Florida ranks third on 2015-2016 Judicial Hellholes report, asbestos ruling criticized

By Vimbai Chikomo | Mar 30, 2016

TALLAHASSEE – Florida landed the No. 3 spot on the 2015-2016 Judicial Hellholes report by the American Tort Reform Foundation (ATRF). According to the report, the Florida Supreme Court habitually issues liability-expanding rulings “out of sync” with courts in other states.

“Even when the state legislature, which is heavily influenced by trial lawyers, manages to enact reforms, the state’s high court nullifies them in favor of boundless liability in the Sunshine State,” the report stated. “In 2015 the court kept a vague, plaintiff-friendly standard for assessing whether a product is defective, permitted inflated awards for future medical expenses, and placed liability on landlords for the acts of criminals.”

One of the 2015 cases the report was referring to was the Florida Supreme Court’s decision to reinstate a jury’s verdict awarding a man millions in damages after he was diagnosed with mesothelioma. The case, Aubin vs. Union Carbide Corp., stirred up debate on appropriate application of the Third Restatement of Torts.

“(The Florida Supreme Court) reinstated a $6.6 million mesothelioma verdict against a supplier of asbestos and refused to adopt what academics are advocating in terms of what liability should be for a manufacturer from a third restatement of torts,” William Large, president of the Florida Justice Reform Institute, told the Florida Record.

William Aubin, a former home builder, worked as a construction supervisor for his father’s company between 1972 and 1974. He contracted mesothelioma allegedly by using a Georgia-Pacific spray product made in part from SG-210 Calidria, which contained processed asbestos mined by Union Carbide, a chemical manufacturing company. Aubin contended that he was unaware that the product contained asbestos, and therefore, did not know he was inhaling asbestos fibers. He was diagnosed with malignant peritoneal mesothelioma in 2008.

Aubin sued Union Carbide and other defendants, alleging his illness was caused by the asbestos in joint compounds and texture sprays designed, manufactured and sold by Georgia-Pacific containing asbestos supplied by Union Carbide. Aubin settled and dismissed the other defendant, and went solely after Union Carbide claiming strict liability design defect, strict liability failure to warn and negligent failure to warn.

Evidence presented at trial revealed that Union Carbide mined a form of chrysotile asbestos and used a special technique to separate the fibers. The process allowed the asbestos to become more suitable as a thickening agent. Then the company reduced the asbestos dust by forming asbestos pellets and sold the bulk product as SG-210 Calidria, which was used in many products by intermediary manufacturers.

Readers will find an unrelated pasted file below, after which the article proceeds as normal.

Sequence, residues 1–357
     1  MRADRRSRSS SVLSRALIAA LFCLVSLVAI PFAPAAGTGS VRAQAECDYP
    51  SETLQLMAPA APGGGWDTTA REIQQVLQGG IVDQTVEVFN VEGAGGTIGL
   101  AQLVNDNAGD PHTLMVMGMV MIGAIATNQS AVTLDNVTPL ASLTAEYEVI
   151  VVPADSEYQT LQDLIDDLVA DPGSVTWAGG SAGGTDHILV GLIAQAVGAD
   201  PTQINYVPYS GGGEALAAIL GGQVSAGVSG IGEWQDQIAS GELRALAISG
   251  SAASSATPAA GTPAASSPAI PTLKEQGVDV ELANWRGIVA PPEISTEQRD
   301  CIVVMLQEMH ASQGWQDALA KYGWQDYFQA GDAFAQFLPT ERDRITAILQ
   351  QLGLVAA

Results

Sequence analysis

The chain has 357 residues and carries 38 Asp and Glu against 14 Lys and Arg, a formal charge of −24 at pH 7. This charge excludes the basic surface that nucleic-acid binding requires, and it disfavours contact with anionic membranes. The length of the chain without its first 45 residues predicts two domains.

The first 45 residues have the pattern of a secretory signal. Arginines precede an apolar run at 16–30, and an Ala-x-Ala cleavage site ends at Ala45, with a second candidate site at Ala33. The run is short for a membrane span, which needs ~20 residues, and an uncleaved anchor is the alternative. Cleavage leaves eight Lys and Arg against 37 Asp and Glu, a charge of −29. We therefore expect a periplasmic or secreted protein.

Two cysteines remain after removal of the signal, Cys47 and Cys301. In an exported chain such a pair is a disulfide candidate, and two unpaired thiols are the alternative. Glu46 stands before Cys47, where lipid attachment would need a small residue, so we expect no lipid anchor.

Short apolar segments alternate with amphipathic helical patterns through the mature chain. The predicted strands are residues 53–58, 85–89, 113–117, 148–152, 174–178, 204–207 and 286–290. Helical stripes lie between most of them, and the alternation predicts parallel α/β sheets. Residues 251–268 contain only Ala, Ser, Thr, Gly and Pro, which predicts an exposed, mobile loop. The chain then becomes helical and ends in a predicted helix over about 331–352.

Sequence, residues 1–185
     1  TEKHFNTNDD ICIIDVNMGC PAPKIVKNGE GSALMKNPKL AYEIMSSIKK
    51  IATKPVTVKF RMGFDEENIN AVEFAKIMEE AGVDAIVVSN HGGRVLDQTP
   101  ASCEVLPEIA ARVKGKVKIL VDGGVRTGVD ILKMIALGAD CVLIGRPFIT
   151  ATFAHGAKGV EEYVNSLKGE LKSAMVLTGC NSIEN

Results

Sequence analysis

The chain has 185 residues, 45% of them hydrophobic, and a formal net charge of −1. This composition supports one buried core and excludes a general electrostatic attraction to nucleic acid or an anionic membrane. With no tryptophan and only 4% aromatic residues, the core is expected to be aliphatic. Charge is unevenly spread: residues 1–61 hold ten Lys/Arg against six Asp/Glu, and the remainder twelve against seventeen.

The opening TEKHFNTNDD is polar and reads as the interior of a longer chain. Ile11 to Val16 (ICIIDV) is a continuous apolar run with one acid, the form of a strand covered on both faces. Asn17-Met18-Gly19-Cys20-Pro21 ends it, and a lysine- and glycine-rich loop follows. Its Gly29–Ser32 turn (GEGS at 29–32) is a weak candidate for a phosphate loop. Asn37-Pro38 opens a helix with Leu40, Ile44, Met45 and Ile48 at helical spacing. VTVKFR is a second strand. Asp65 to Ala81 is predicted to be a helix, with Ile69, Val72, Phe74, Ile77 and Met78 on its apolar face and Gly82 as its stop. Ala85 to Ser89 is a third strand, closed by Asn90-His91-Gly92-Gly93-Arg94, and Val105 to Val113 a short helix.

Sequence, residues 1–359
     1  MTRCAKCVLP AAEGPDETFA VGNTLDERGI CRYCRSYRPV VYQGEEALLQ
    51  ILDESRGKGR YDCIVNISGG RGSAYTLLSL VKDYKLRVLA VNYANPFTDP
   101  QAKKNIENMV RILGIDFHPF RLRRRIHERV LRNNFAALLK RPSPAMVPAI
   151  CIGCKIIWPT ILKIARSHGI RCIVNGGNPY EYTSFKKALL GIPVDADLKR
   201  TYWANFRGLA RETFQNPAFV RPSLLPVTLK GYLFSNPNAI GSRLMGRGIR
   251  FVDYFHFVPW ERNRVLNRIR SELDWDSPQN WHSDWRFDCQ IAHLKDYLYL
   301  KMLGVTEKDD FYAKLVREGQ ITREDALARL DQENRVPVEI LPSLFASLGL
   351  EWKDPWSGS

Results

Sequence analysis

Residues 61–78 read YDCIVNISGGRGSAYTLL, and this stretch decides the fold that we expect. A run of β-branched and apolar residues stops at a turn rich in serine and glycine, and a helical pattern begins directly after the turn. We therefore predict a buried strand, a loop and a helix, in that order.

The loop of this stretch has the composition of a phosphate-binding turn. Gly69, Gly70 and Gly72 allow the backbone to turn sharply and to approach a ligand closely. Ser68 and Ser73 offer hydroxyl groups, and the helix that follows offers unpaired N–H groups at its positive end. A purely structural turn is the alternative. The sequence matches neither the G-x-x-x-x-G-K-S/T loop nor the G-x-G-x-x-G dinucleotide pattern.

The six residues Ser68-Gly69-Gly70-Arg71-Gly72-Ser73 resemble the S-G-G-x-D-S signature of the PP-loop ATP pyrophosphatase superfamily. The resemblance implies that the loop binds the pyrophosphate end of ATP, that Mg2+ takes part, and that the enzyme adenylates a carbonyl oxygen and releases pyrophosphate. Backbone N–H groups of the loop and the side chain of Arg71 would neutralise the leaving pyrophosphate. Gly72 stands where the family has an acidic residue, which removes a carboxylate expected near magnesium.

Union Carbide specifically marketed its product to intermediary manufacturers like Georgia-Pacific for use in products such as joint compounds, but was not involved in the formulation, packaging or sale of the end products.

In its literature accompanying SG-210 Calidria, Union Carbide stated that the product was processed and therefore differed from a raw product.

The trial jury determined that Union Carbide was liable for Aubin’s disease and awarded him $6.6 million in damages.

In 2012, the verdict was vacated after an appellate court ruled that Aubin failed to present sufficient evidence that the product's defects caused the illness and said the lower court relied on the wrong interpretation of the law in the case.

Aubin appealed and the case went before the state’s highest court. Aubin argued that the appellate court wrongly applied the Third Restatement of Torts to his product liability case.

The core provision of the Third Restatement states that “a product is defective when, at the time of sale or distribution, it contains a manufacturing defect, is defective in design or is defective because of inadequate instructions or warnings.”

The main argument debated was whether Union Carbide provided any warning to Georgia Pacific; and if it did, was it sufficient.

Last October, the Florida Supreme Court ruled that the appellate court erred in concluding that the Third Restatement’s test for a defective design exclusively applied to a claim of strict products liability, which generally requires plaintiffs to establish a reasonable alternative on how a product could be designed.

“In sum, we conclude that the Third District erroneously reversed the final judgment and remand this case to the Third District with directions that the judgment be reinstated,” the court stated.

The Judicial Hellholes report frowned on the Florida Supreme Court’s decision, stating the court strayed from most state courts in its ruling by rejecting a risk-utility test used to evaluate product defects and directs the jury to consider the benefits and risks of a products design.

“Instead, a divided Florida Supreme Court applied a vague test based on ‘consumer expectations’ of the safety of a product, which provides no guidance to a jury and can lead to unsound results in cases involving complex products,” the report stated. “Plaintiffs’ law firms are already using the Aubin decision to recruit clients.”

The report also criticized the high court for reinstating the judgment despite recognizing that the trial court had failed to instruct the jury that a supplier of raw materials is responsible for warning the purchaser of foreseeable risks.

“The law does not expect raw material suppliers to directly warn end users of the competed product. This is known as the learned intermediary doctrine,” the report said.

The report ranked New York City Asbestos Litigation second on the Judicial Hellholes list, and California first.

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